A study conducted by two accounting professors at North Carolina State University on the SEC’s pilot XBRL program found significant flaws in the data. The study examined filings submitted by 22 companies during the SEC’s voluntary program, and raises concerns about data quality ahead of the mandatory XBRL filing deadline for the largest 500 companies, beginning with quarter-ending June 15, 2009.
But, while the XBRL concept is promising, the study from NC State found that reports from companies that participated in the voluntary pilot program contained multiple errors. “They were poorly tagged,” [Dr. Eileen] Taylor says, “and there were fundamental errors of accounting. One report, for example, contained too many zeros – turning millions into billions.” In their abstract, the researchers note that “These errors are serious because since XBRL data is computer-readable, users will not visually recognize the errors, especially when using XBRL analysis software.” In other words, users won’t be able to spot that something is wrong.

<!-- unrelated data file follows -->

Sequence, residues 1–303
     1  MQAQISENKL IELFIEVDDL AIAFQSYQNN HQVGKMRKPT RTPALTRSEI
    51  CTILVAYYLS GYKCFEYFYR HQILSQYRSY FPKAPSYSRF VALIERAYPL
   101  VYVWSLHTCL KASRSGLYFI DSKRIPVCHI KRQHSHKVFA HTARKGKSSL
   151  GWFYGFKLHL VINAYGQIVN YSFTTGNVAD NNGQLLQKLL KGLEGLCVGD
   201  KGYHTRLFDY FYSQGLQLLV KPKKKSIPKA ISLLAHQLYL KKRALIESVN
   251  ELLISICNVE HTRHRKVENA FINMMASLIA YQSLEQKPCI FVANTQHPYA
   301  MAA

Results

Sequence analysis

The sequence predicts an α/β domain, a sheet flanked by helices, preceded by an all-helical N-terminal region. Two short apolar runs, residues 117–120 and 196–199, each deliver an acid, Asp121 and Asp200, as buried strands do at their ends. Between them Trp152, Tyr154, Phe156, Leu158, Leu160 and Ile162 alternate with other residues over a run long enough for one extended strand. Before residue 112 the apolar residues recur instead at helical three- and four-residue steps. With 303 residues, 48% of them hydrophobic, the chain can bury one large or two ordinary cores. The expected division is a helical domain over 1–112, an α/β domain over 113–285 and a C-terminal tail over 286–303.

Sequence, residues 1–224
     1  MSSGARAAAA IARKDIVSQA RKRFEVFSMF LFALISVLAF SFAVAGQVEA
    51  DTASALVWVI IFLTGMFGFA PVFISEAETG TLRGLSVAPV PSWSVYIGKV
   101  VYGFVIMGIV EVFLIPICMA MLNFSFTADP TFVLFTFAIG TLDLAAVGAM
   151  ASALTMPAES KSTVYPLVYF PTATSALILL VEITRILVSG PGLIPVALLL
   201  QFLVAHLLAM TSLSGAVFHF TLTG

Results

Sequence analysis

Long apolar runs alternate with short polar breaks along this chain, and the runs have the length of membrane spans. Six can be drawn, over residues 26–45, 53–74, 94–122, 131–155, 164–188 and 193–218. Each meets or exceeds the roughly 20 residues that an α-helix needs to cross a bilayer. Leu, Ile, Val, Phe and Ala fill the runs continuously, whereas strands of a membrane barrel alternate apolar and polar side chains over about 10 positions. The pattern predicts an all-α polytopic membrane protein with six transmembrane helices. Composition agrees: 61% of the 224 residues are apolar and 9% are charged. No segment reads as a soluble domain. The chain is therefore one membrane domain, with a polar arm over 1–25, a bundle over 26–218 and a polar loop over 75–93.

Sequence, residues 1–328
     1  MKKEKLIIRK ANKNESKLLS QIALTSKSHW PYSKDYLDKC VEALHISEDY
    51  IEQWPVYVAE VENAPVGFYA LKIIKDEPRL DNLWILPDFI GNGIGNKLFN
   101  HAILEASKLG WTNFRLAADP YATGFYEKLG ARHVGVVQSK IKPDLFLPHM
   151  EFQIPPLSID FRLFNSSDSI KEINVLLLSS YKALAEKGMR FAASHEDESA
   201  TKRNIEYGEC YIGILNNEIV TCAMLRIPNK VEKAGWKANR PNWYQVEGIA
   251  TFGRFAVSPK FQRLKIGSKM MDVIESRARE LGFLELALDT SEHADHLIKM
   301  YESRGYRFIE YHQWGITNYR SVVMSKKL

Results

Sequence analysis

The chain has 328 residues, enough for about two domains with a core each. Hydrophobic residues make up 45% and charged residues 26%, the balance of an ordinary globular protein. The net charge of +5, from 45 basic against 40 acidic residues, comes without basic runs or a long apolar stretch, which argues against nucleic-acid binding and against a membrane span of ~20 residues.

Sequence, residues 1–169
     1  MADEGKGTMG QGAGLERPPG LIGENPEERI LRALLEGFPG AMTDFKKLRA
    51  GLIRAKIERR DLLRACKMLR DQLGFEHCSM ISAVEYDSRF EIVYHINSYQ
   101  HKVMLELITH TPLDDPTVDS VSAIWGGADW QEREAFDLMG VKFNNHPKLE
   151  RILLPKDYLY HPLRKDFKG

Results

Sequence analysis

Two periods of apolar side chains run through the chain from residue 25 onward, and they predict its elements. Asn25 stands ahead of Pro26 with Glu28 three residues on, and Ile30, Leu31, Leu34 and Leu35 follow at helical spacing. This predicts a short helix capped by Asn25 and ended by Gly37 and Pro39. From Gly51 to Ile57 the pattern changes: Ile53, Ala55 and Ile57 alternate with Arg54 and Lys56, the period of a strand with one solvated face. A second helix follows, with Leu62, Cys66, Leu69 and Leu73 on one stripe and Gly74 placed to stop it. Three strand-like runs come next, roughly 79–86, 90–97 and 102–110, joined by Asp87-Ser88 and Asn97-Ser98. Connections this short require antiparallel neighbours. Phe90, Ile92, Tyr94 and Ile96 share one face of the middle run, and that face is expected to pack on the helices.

The study, “A Comparison of XBRL Filings to Corporate 10-Ks – Evidence from the Voluntary Filing Program,” examined XBRL filings by 22 companies that participated in the SEC’s voluntary pilot program in 2006. The study was co-authored by Taylor, Drs. Al Y. S. Chen and Jon Bartley, who are both professors of accounting at NC State. The study will be presented at the American Accounting Association Annual Meeting being held in New York City, Aug. 2-5.